FEBRUARY 2, 2012

Welcome to the Patient Safety Update eNewsletter
This issue sponsored by The Medical Home Summit

Report Finds Most Errors at Hospitals Go Unreported
The Obama administration and hospital industry leaders have placed a high priority on reducing medical errors. A new report reports that at many hospitals, this high-level commitment has not been translated into practice. The inspector general found that hospitals made few changes to policies or practices after employees reported harm to patients. In many cases, hospital executives told federal investigators that the events did not reveal any systemic quality problems. Organizations that inspect and accredit hospitals generally do not scrutinize how hospitals keep track of medical errors and other adverse events, the study said. (The New York Times - January 16, 2012)

How Safe Are Our Hospitals?
Hospital Compare shows most hospitals in the country experienced similar rates of complications and errors, but some hospitals, which Medicare officials called "the outliers," were labeled "worse" or "better" than the national rate based on their overall patient safety records. The evaluations reflect experiences of patients treated between October 2008 and June 2010. The Centers for Medicare and Medicaid Services' website, Hospital Compare, began reporting patient safety ratings for thousands of the nation's hospitals, including those in the Washington area, in October 2011. (Kaiser Health News - January 30, 2012)

Padi-Lock Increases Patient Safety and Reduces Legal Liabilities by Reducing I.V. Tube Related Entanglement, Impingement and Death
Entanglement of I.V. lines is a growing concern throughout the United States and has been the culprit to multiple cases of medication administration errors, medical line disconnections, as well as, death due to strangulation among infants. The Padi-Lock, designed by Padi-Lock, LLC, solves these problems by eliminating the cost and time required in restarting the I.V. access, whether it is a central line, peripheral or P.I.C.C. line. (San Francisco Chronicle - January 31, 2012)

National Business Group on Health: Hospitals, Health Care Facilities Should Require Flu Vaccinations for All of Their Employees
The NBGH released a position statement which states hospitals should require annual flu vaccination of all employees as a condition of employment, unless employees can demonstrate medical contraindications (with physician documentation) or religious objections. The statement also says employees who invoke either of these exemptions should not engage in direct patient care if they have flu-like symptoms. Instead, hospitals should either reassign these employees to non-patient care areas or require them to wear masks at all times during flu season when delivering care to patients. (MarketWatch - February 2, 2012)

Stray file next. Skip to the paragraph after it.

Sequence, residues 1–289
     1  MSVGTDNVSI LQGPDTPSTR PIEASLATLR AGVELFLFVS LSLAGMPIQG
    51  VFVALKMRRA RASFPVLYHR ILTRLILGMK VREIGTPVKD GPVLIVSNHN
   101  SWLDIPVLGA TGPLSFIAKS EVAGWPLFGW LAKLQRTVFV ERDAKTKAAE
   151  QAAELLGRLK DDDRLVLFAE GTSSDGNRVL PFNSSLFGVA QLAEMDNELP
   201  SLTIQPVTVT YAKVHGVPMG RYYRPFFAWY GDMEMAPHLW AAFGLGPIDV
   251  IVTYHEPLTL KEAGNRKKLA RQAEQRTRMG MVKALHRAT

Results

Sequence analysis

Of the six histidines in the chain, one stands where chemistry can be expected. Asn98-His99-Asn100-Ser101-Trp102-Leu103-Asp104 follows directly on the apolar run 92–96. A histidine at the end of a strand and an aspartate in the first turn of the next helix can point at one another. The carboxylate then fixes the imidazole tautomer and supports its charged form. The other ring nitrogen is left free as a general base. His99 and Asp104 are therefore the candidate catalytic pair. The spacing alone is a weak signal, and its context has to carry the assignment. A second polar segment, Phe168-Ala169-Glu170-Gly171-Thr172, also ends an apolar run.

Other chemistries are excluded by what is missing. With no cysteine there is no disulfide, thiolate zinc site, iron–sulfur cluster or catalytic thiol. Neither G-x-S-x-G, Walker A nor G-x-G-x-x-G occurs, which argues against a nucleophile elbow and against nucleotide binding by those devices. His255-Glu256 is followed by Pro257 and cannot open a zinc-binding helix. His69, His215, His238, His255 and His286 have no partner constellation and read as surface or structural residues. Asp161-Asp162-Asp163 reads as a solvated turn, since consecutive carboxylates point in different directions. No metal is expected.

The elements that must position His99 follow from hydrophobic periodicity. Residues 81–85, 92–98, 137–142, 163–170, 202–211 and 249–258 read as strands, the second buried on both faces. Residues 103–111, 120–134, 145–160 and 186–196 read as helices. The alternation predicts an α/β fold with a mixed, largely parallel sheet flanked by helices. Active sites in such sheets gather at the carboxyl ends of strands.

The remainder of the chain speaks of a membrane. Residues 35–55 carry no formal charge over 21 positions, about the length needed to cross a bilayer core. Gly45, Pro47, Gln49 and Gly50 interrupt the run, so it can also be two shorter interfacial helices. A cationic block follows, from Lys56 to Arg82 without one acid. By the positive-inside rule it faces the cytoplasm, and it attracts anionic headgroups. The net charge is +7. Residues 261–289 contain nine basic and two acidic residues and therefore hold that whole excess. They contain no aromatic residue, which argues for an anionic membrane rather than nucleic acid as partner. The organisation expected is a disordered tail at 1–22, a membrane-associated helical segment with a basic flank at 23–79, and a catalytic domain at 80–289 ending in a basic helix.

Premier, Safe Injection Practices Coalition Release Meeting Proceedings
Premier and the Safe Injection Practices Coalition are providing the proceedings of a stakeholder meeting held in late April 2011, convened by both entities to raise awareness, continue the national dialogue and expand safer and innovative approaches and product designs to protect patients from unsafe injection practices. (Infection Control Today - January 31, 2012)

Some US Hospitals Are Challenging the Status Quo to Raise Safety Standards
The Centers for Medicare and Medicaid Services and the state of Maryland have rated patient safety at hospitals in the District of Columbia, Maryland and Virginia. Dozens of hospitals in the region are working on strategies, including using checklists to ensure that hospital employees consistently follow safety standards, ramping up pressure on employees to wash their hands, flattening hierarchies to improve communication between doctors and nurses, designing equipment to reduce errors, and digitizing patient records. (Business Insider - February 1, 2012)

Study: Caps on Nursing Overtime Improve Patient Safety
A newly published study finds that state-mandated caps on nurses' mandatory overtime hours are effective and reduce overtime hours for newly registered nurses. Past research has demonstrated that fatigue caused by long hours without sufficient rest between shifts can lead to mistakes that endanger patients and nurses. (Renal Business Today - January 30, 2012)

Washington Physicians Fight for Patient Access to Care and Patient Safety Legislation
More than 140 physicians met with legislators to voice their opinions on several bills that could significantly impact patient access to care and patient safety. The Washington State Medical Association (WSMA), which held its annual Legislative Day this week, is working hard on legislation to preserve programs that are on the cutting block, and promote legislation that would benefit patients. (MarketWatch - January 27, 2012)

VA National Center for Patient Safety

The NCPS was established in 1999 to develop and nurture a culture of safety throughout the Veterans Health Administration. Their goal is the nationwide reduction and prevention of inadvertent harm to patients as a result of their care. Patient safety managers at 153 VA hospitals and patient safety officers at 21 VA regional headquarters participate in the program.

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The Campaign for Better Care

Renee Hodin
Community Catalyst, Boston, MA